Mark Zuckerberg says that paying US$19 billion for WhatsApp was a bargain.
Indeed, according to CNN and other news sources, the Facebook CEO said that the mobile messaging company was “worth more than $19 billion.”
Subscribers to the WhatsApp service can bypass telcos and send text messages to other subscribers for free, using either WiFi or cellular data on their smartphones and tablets.
Like Facebook, Twitter, Tumblr and YouTube, WhatsApp has amassed a huge customer base, about 200 million people. That’s why WhatsApp is valued in a comparable way to Facebook and Twitter themselves.
As a texting company, WhatsApp represents a huge threat to telecommunications carriers who make huge profit on SMS-based text messages, which are essentially free services that consume almost zero bandwidth.
Huge installed base. Customers gain by using its free service. The more people who use the free service, the better that service gets. And it pokes a sharp stick in the eye of telcos. What’s not to like?
Of course, $19 billion is a lot of money. According to Business Insider, this is the second-biggest tech purchase ever, adjusted for inflation, second only to Hewlett-Packard’s purchase of Compaq in 2001 for $25 billion, which would be $33.4 billion in 2014 dollars.
By comparison, Sun Microsystems’ $1 billion acquisition of MySQL in 2008 seems like chump change. Heck, Sun itself was purchased by Oracle for only $5.6 billion in 2009. Pocket money.
What we can learn is that social media companies—with a huge customer base, advertising-based revenue model, and lock-in caused by the network effect—are where you’ll find the big bucks. Forget hardware, software and services. It’s all about social media.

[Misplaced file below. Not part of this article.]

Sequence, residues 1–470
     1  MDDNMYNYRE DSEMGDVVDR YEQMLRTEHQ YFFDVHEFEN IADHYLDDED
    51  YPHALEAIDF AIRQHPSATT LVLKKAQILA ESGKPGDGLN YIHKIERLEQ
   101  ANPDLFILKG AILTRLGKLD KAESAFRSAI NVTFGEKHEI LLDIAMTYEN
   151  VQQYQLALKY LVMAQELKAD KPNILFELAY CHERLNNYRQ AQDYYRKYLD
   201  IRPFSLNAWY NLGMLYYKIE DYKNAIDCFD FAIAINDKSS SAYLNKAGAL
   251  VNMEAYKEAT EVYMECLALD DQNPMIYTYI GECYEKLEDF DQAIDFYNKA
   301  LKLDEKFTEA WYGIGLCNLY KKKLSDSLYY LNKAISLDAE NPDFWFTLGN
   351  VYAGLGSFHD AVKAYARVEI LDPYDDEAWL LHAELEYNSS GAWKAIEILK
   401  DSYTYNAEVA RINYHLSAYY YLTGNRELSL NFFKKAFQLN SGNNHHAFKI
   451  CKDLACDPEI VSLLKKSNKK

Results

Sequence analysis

Change that to mostly about social media. Traditional software companies still cash out, although not to the tune of $19 billion. According to a report from Berkery Noyes, an investment bank, there were 1,598 mergers and acquisitions in the software industry in 2013, worth an aggregate $88.22 billion. Companies sold, on average, for 2.4x their previous year’s revenue.
To quote from the report’s key highlights:
Five of the top ten highest value deals occurred in the Niche Software segment, which consists of software designed for use in specific industry markets. Four of these five transactions were located in the finance vertical.
The most active acquirers in the Infrastructure Software segment during 2013 were EMC Corporation and Intel Corporation with six transactions each.
There were 255 financially sponsored transactions with an aggregate value of $29.05 billion, representing 16 percent of the total volume and 32 percent of the total value, respectively.
The biggest software purchase over the past few years—until the WhatsApp deal, of course—was HP’s purchase of Autonomy for $10.28 billion in 2011. That didn’t work out very well. HP wrote off $8.8 billion of that acquisition’s value only a year later.
Let’s hope that Zuckerberg’s WhatsApp purchase has a happier ending.
Do you use WhatsApp? What do you think of the service? Write me at email@example.com.
Alan Zeichick, founding editor of SD Times, is principal analyst of Camden Associates.